Yes, it was a nervous finale, but hey this is Boro. That’s why we all got valium and whisky for Christmas. And it is the Championship where every game is decided by fine margins. In this case it was decided by shot-stopper supreme Jason Steele’s superb spot-kick save from highly-rated but largely anonymous Tom Ince when the pressure was on.
That pivotal penalty save killed off a spirited second half revival by Blackpool – who have noticeably gone backwards since they monstered us in January and again in early September – it calmed nerves on the pitch and in the satnds and set Boro up to seal it with a fourth to make the score look far more comfortable than it actually was.
But look at the positives. Boro totally bossed the first half in a display of polished passing, fluid off the ball movement and assertive, attacking football that was as good as any 45 minutes this year. Grant Leadbitter’s corners are brilliant. Steele is the best keeper in his league (HANDS OFF!) Big Ish scored again (his goals/minutes ratio is starting to look very good), Dormo Destroyer Richie Smallwood celebrated his 22nd birthday with a smooth strike. Enigmatic Emnes decided to have an “on” day and lit up the first half with electrickery (although he faded after the break). Scott McDonald – playing his 100th game – was excellent, hard-working in an alien role and notched again. Rolls Rhys got through his first 90 minutes for four months. Adam Reach bounced back with a goal. We got away with a penalty which despite the ‘controversy’ was nailed on. The scran in the restaurant – I was suited and booted and living it up in hospitality – was superb. It was a very entertaining game.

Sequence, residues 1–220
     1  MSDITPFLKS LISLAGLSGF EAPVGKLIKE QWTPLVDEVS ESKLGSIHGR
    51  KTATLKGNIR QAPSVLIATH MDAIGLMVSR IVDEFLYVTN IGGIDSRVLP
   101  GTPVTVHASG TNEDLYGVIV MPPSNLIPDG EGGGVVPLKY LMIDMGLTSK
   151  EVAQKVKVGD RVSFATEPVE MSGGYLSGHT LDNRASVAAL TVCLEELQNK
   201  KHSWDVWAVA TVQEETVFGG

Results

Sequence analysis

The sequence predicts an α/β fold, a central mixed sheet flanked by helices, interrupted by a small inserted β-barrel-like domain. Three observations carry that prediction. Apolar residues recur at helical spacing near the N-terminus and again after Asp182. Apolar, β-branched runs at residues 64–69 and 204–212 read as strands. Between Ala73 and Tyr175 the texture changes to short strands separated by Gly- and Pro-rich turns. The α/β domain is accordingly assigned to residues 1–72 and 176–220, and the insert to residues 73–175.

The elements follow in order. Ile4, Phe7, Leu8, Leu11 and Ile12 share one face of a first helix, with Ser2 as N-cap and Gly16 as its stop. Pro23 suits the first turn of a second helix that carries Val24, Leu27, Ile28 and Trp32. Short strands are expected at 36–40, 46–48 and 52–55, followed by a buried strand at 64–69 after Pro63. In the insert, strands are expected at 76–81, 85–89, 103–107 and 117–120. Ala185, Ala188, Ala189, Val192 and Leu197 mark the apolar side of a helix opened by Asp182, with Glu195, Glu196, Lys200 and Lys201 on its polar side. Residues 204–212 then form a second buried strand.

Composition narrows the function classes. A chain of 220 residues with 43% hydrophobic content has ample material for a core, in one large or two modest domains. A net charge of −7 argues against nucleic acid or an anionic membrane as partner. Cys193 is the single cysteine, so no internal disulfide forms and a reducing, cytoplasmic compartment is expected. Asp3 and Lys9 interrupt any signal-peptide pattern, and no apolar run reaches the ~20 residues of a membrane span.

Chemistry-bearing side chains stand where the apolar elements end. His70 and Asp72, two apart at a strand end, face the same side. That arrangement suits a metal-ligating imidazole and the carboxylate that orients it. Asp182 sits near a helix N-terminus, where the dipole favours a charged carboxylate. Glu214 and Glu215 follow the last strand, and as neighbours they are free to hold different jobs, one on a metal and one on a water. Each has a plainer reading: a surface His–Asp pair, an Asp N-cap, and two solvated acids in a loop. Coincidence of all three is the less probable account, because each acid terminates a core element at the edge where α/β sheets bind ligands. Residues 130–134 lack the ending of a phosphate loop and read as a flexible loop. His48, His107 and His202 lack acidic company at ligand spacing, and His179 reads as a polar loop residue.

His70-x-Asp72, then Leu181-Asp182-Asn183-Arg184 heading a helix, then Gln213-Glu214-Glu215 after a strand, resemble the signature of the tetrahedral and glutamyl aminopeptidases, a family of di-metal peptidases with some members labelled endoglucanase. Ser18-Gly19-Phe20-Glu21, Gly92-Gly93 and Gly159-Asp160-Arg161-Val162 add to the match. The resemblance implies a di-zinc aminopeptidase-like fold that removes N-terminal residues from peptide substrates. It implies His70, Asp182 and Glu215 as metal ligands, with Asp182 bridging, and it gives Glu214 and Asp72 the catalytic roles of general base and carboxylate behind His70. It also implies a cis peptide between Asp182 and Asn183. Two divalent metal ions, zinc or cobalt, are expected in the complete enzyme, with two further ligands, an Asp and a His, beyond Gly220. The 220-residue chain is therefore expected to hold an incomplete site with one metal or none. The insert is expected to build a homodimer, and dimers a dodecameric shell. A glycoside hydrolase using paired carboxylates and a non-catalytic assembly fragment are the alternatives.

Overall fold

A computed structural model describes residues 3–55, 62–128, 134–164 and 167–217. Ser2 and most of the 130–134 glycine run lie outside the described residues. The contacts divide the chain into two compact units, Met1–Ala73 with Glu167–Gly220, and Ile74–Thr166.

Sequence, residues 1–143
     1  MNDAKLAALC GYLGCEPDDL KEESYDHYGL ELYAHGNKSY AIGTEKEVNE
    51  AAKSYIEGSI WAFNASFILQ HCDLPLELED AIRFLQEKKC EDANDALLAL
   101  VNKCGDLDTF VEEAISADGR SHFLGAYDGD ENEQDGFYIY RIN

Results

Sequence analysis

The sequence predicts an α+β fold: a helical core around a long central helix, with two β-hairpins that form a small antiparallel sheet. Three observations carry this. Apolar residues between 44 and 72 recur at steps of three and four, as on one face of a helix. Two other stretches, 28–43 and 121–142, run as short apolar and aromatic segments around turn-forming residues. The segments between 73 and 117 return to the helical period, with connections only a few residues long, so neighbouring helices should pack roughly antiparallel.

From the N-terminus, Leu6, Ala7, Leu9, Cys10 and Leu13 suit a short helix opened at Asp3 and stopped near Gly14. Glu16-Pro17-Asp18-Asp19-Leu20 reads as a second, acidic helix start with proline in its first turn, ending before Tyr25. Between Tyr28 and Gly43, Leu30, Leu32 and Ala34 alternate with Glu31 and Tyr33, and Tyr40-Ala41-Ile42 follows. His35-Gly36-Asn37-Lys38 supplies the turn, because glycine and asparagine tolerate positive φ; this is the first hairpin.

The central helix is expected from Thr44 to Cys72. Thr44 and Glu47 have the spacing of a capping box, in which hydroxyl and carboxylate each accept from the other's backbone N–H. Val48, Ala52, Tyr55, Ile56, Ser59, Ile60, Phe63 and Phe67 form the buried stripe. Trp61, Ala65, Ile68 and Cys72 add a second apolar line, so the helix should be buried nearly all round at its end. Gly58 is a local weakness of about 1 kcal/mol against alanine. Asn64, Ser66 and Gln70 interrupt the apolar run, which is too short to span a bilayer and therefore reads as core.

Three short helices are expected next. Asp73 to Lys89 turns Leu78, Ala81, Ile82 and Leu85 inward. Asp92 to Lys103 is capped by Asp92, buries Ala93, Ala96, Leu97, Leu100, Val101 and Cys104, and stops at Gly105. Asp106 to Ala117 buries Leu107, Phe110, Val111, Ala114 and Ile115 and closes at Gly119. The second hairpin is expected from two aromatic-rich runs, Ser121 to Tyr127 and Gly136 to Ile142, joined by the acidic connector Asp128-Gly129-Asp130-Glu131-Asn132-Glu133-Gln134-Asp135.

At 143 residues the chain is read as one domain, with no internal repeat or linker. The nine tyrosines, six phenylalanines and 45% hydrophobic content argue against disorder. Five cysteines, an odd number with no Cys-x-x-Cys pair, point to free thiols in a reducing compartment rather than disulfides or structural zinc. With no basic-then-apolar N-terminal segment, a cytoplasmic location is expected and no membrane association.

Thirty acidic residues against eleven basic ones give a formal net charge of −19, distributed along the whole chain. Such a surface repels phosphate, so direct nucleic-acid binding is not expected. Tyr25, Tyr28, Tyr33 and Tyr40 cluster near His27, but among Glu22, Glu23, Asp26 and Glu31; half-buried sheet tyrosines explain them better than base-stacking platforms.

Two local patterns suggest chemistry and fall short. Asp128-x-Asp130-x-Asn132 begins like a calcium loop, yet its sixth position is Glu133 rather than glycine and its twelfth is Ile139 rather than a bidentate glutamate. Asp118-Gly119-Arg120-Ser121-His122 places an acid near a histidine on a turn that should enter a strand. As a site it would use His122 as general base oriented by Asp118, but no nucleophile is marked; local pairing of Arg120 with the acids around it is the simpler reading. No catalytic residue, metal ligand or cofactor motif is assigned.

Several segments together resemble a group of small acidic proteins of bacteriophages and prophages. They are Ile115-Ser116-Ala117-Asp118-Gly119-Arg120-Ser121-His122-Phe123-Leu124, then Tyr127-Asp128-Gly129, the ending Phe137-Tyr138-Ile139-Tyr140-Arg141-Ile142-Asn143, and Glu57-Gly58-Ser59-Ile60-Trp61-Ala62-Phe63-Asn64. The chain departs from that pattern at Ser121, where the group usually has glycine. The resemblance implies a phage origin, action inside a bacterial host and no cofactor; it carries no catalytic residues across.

Derby next. Get set for a Rams raid.
Happy New Year.
BLOATED Boxing Day torpor and hazy hangover atmospheres. It was ever thus.